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Critical Lens: Julius Caesar: The Effects of Power

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It is generally accepted that hardship would ensue harsher test of one’s character than power would. Abraham Lincoln attempted to denounce this belief when he claimed that “Nearly all men can stand adversity, but if you want to test a man’s character, give him power.” Lincoln illustrates that adversity is something that many men can succeed in spite of while maintaining their character by comparing its effects with those of power. He sustains the idea that a man’s character is only truly tested if they are given power because of its corrupting influence. Lincoln’s ideas are substantiated in the play Julius Caesar, in which William Shakespeare explores topics of adversity and power. Through his characterization of Julius Caesar, Mark Antony, and Brutus, Shakespeare clearly indicates that the true test of a man’s character is, in fact, power rather than adversity.

Julius Caesar is able to easily overcome misfortune; however his character is challenged by the corrupting influence of power. Though Calpurnia is unable to conceive a child, denying Caesar an heir, Caesar can withstand this hardship and continues in his quest for power. Later, when the soothsayer cautions him concerning the 15th of March, Caesar dismisses the caveat as frivolous. In reply to his warning to “beware the ides of March,” Caesar calls the soothsayer a “dreamer,” and decides that they should all “leave him; pass” (I. ii. 28-29). Julius Caesar replies in this way because he feels he would be able to overcome any adversity that could impede his success. Through this situation, Shakespeare proves that Caesar, like most men, is able to easily endure adversity. When Caesar gains power, however, he is disillusioned by it. As Cassius attempts to persuade Brutus to join the conspirators, he demonstrates how Caesar is actually a cowardly man who has a large ego.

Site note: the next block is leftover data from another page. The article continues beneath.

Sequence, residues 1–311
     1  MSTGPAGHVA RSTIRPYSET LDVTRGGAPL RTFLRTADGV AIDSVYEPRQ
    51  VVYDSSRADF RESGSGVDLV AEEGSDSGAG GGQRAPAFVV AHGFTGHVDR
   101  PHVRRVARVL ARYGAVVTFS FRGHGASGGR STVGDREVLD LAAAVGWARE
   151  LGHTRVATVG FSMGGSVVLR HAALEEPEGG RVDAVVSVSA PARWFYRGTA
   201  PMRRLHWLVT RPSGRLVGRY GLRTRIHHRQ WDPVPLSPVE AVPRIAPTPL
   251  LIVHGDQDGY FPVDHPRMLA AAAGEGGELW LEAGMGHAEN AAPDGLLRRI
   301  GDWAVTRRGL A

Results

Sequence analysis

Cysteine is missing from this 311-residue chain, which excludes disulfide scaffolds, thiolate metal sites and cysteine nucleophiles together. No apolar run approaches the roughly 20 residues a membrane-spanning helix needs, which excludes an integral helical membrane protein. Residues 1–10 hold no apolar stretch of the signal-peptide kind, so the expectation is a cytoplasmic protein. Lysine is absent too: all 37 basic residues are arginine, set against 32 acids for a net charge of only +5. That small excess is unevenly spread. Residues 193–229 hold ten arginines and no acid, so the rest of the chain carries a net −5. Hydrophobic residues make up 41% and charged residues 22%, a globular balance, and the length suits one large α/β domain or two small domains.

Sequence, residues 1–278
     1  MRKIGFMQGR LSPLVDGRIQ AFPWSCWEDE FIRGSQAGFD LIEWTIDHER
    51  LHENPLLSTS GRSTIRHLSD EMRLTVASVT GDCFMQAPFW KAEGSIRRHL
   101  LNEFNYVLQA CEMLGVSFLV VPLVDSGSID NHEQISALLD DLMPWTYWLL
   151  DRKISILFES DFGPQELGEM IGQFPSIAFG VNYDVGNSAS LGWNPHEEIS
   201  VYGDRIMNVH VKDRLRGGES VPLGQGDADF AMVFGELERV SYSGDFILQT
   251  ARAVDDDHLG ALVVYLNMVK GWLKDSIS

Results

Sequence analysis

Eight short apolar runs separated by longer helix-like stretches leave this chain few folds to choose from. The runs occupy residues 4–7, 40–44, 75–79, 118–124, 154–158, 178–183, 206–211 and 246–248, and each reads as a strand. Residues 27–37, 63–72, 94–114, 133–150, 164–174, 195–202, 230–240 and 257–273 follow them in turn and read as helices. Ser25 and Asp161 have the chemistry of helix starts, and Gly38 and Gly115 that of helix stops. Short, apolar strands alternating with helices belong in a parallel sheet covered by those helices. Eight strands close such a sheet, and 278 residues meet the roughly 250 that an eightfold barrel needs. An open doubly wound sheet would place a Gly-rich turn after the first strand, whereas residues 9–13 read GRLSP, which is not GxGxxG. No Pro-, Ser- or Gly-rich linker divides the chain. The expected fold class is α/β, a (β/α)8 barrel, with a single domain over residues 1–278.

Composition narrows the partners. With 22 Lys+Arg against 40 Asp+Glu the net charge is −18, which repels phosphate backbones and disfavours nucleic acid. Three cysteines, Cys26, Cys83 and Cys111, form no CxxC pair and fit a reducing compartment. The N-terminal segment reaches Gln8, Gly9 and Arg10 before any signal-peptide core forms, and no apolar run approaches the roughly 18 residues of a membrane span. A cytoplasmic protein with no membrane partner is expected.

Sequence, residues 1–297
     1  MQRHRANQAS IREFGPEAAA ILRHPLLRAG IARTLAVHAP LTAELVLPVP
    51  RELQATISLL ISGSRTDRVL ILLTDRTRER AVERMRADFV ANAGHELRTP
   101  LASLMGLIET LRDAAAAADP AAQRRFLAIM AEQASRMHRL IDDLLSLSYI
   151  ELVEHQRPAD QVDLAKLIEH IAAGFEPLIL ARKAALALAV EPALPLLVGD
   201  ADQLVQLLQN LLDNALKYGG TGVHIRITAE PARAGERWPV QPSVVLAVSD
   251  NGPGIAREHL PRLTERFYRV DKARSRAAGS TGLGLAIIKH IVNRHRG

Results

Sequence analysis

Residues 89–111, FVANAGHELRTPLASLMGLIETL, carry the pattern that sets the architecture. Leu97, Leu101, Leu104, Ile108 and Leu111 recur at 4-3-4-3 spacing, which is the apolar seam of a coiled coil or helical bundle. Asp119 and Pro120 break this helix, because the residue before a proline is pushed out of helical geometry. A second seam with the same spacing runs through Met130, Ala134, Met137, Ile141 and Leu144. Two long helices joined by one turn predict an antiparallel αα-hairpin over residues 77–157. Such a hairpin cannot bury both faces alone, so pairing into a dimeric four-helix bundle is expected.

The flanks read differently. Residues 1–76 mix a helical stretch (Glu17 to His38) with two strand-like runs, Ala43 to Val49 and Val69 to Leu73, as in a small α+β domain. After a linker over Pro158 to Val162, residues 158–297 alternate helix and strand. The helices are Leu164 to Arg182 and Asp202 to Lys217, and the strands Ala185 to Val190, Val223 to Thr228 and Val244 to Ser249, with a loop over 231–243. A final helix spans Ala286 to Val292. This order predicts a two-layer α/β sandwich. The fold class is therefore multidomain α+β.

He describes how he used to help Caesar and care for him when they were friends in the past, and how now that Caesar gained power, he treats Cassius like a “wretched creature [who] must bend his body/If Caesar carelessly but nod at him” (I. ii. 124-125). Caesar has forgotten and abandoned his true friends in exchange for power, exhibiting the test of character imposed by power. It is not only Cassius that realizes the change in Caesar’s character, as Flavius and Marullus agree that “these growing feathers [being] plucked from Caesar’s wings/Will make him fly an ordinary pitch,/Who else would soar above the view of men/ And keep us all in servile fearfulness” (I. i. 79-80). The tribunes compare Caesar’s growing arrogance to the feathers of a bird. Marullus and Flavius believe that Caesar’s pride must be contested in order to ensure that his power is controllable and does not leave the Roman people as servants. Through direct and indirect characterization of Caesar, Shakespeare is able to illustrate how though he is able to prevail over adversity, Caesar character is tried by his power.

Shakespeare is also able to use his characterization of Mark Antony to show that hardships may be effortlessly surmounted and that power is the true test of character. Through the misfortune of Caesar’s murder, Antony is able to use the people’s insecurity to his advantage. By using reverse psychology and the rhetoric, Antony gains the support of the Roman public, who eventually considered him to be “most notable Antony” (III. ii. 248). Antony is able to achieve power through the cooperation of the people. Later, however, when Antony has power along with Octavius and Lepidus, he questions whether or not Lepidus should be allowed to share power with them, not realizing that he himself had been in the same position as Lepidus when Caesar was in power.